The neuroscience of transgender identity: Transgender brains match their gender identity

This post is also available in Dutch.

Some people say they are “trapped” in the wrong body: They do not identify with the sex assigned to them at birth. There may be a neurobiological explanation to this feeling.

Just as faces can continuously change from male to female, there is no strict distinction between the female and male gender (Picture was created using FaceGen software).

Sex and Gender

“Sex” and “gender” are terms that describe different social realities, and therefore they can not be used interchangeably. “Sex” refers  to biological differences between females and males. According to GLAAD (Gay & Lesbian Alliance Against Defamation), gender  refers to the feeling of gender identity which is “an internal, personal sense of being a man or a woman”. Most people have a binary gender identity – the one of a man or a woman. However, there are some people for whom the sex assigned at birth and internal gender identity do not match. These people are called transgender. Gender identity is stable and rarely changes over time. Therefore, people who consider themelves transgender try to align their bodies with their mind via surgical interventions and / or hormonal treatment.

The neuroscience or gender identity

Is it possible to discover where or how the knowledge about one’s gender identity is represented? The investigations in this area are contradictory . It is still possible to conclude, however, that the brains of transgender people are more similar to the brains of the gender they identify with. In this study Sara M. Burke and Julie Bakker both affiliated with VU University Medical Center in Amsterdam performed an fMRI study on adolescent boys and girls before and after puberty diagnosed with gender dysphoria (previously called gender identity disorder) .

While in the MRI scanner, participants were exposed to androstadienone, a musky-smelling steroid produced by men, known to cause a different reaction in the hypothalamus of females and males. The researchers found that the brains of adolescents with gender dysphoria before puberty responded to androstadienone in a way compatible with their biological sex. After puberty the brain response was similar to the gender they experienced.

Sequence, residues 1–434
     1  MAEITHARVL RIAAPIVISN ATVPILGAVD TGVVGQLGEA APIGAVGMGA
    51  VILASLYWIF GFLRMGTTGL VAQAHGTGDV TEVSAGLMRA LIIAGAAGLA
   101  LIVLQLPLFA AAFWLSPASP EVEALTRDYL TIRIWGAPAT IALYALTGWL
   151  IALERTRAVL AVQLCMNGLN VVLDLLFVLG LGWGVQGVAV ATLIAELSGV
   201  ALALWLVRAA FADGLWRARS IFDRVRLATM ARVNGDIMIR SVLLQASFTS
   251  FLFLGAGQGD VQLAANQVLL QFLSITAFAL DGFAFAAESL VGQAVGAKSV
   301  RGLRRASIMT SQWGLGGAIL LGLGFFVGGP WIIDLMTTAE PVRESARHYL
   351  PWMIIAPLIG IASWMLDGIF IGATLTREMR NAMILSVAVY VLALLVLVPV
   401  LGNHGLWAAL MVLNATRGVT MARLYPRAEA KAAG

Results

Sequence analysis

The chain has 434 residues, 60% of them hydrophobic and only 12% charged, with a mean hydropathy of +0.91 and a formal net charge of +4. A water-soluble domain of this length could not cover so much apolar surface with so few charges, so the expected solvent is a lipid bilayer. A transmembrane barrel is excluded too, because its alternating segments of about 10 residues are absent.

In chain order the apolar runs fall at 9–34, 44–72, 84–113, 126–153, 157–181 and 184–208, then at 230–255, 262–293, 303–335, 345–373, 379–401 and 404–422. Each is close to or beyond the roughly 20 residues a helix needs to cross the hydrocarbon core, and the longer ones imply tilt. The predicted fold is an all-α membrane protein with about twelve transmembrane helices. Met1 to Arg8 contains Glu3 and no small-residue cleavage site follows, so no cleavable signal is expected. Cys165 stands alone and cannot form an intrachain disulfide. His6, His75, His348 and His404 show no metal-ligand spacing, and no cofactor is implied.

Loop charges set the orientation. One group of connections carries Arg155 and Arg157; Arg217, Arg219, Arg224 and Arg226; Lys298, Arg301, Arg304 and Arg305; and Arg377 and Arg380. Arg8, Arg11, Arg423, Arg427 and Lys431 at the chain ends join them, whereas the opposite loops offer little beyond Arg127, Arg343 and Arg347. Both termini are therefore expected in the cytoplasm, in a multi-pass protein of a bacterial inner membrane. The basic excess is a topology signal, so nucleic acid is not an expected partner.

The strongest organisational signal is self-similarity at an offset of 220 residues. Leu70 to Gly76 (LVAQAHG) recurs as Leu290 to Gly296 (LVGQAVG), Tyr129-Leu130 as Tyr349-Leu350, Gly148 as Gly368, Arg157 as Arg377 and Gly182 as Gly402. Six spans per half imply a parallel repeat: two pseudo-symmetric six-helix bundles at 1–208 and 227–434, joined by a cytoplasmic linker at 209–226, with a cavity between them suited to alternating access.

In other words, the hypothalamus of boys with gender dysphoria did not respond similarly to the odor in the way it that it responds to the odor in boys without dysphoria. For boys with gender dysphoria between 15 and 16 years-old, their hypothalamus would light up in the same way as the hypothalamus of heterosexual women. Meanwhile, heterosexual adolescent boys did not exhibit any activity in the hypothalamus. This indicates that after puberty the brain behaves according to the gender a person identifies with, even if their gender identity is different from that person’s sex.

Towards the neurobiological coding or gender identity

According to some experts, “sex differences in responding to odors can not be influenced by training or environment” (Dr. Baudewijntje Wrinkles  said in her interview to Scientific American). This is a strong claim that supports the idea that gender has a biological foundation. For people with gender dysphoria it may be useful to assess the gender they identify with using neuroimaging techniques such as fMRI. However, just as male and female brains, transgender brains can differ a great deal from one another. Therefore, it is still problematic to have a standard test when “scanning” for someone’s gender identity. In spite of this difficult task, it is not impossible to develop these tests in the future, once we learn  more about the neurobiology of transgender people.

For more information about gender dysphoria check out this link .


Written by Lara. Edited by Marisha.


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